- Google Knol: A Step Too Far?, by TechCrunch’s Duncan Riley
But why should you read these five articles, rather than the other 55 on Techmeme’s list? Because I said so, that’s why? And why should you trust what I have to say about all of this? Because I’m an “authority,” that’s why. I must be an authority — after all, I have my own blog, right? Well, if you don’t trust me (in which case I don’t understand why you’re reading my blog in the first place), maybe you would be persuaded that these are the most important five articles if I provided a link to the author bios, so you could read all about their illustrious credentials, and their claim to being an “authority.” Indeed, I did do that for Messrs. Rubel, Carr, and Riley — by providing a link to their page on Wikipedia (you’ll have to admit, the irony of using Wikipedia as the source of authoritativeness is a wicked bit of irony here). Unfortunately, WIkipedia doesn’t know anything about Stowe Boyd (shame! shame!), nor has it heard of Mr. Gilberson.
There’s a purpose to this illustration: the point is that if you decided to find an authoritative source of information on some other topic — i.e., something other than Knol — it would be nice if you had someplace on the Internet you could trust. Of course, you could always go to Wikipedia, and find a homogenized article written by a committee; or, if you already knew who the authoritative experts were on your topic of interest, you could find their website, or their blog, and go straight to the source. But Google is hoping that if you don’t know, and if you want a detailed article written by an author — rather than a Wikipedia committee — you’ll come to them. And I have to admit that my efforts to learn more about Knol itself tends to validate Google’s objective. There’s already a Wikipedia article on Knol, which you can find here; but I don’t want a bland summary, I want to hear the strongly-articulated opinion of outspoken industry commentators that I’ve personally decided to accept as authority. I want to know what Stowe Boyd has to say, and what Nick Carr thinks, along with a handful of others. If I knew I could find all of that, or at least a reasonable subet, at Google — well, then, yes, that would be the place I’d go, rather than Wikipedia.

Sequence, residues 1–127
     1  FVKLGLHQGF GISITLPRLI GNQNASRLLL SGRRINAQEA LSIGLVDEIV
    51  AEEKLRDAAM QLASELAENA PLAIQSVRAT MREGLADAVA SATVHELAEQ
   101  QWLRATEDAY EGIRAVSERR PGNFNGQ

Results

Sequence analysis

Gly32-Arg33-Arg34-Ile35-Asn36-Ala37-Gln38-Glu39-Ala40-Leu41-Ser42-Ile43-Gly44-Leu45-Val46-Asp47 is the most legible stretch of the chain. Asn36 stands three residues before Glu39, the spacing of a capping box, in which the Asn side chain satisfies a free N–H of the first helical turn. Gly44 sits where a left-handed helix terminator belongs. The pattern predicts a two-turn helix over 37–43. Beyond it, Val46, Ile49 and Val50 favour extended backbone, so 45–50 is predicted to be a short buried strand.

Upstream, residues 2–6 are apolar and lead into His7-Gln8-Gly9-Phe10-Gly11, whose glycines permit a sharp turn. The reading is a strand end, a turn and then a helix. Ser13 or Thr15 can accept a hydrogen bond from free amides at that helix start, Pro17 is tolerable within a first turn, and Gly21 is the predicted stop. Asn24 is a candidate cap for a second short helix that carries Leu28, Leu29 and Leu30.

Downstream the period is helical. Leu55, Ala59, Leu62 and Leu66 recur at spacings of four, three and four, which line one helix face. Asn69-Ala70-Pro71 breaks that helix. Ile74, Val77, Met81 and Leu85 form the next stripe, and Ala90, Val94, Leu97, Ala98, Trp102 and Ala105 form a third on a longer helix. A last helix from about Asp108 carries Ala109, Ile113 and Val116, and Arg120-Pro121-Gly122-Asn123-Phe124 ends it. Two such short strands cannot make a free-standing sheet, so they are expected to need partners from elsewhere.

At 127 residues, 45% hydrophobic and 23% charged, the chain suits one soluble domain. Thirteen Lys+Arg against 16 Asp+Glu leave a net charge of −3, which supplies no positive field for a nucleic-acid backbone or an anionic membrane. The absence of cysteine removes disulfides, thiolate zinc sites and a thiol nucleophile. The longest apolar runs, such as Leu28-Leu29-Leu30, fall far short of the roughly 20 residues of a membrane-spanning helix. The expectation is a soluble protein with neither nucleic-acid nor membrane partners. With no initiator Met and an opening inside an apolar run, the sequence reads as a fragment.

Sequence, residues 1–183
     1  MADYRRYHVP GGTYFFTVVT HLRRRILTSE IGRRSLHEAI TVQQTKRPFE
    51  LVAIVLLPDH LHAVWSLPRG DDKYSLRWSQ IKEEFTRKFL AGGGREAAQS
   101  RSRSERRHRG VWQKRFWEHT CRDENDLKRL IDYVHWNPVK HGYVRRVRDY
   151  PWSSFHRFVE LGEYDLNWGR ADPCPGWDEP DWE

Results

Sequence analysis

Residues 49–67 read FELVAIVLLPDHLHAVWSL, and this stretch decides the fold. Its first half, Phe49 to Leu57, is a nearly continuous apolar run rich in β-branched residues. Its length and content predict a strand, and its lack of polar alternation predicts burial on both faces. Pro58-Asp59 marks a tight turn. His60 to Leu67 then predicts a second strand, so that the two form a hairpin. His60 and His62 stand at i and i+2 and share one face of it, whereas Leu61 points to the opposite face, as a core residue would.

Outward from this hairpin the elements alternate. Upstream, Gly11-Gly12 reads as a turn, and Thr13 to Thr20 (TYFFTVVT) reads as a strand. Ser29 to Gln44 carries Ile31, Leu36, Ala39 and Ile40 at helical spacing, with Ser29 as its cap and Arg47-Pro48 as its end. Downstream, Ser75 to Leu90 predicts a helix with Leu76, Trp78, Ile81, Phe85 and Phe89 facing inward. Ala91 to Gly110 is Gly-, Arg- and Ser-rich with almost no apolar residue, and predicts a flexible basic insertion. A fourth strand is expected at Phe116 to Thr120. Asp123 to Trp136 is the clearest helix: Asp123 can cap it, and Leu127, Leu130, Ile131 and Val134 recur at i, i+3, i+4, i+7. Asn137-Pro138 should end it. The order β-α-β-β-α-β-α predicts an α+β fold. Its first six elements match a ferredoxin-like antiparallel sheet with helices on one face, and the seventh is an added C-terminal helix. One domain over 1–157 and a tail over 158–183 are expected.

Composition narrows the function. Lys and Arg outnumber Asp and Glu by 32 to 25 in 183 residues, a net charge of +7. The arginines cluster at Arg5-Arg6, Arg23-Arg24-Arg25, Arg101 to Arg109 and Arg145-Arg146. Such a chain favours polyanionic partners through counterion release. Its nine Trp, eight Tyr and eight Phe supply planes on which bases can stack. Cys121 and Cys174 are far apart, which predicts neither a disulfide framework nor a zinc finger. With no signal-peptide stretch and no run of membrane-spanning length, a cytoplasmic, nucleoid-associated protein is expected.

All of this is somewhat premature, since all we’ve got is an announcement from Google. There are no “Knol authorities” or “Knol articles” for us to examine and compare; and as I suggested at the beginning of this blog, I think it will take a few years for a critical mass of such articles, and such “authority figures” to come together. But if there is any organization that has the resources, and the passion, to do such a thing — well, it’s more likely to be Google than any other high-tech company I can think of right now.
And if they pull this off, we’ll have a whole new world above and beyond the straightforward concept of Google-searching for what’s already out there. We all need to keep an eye on this one …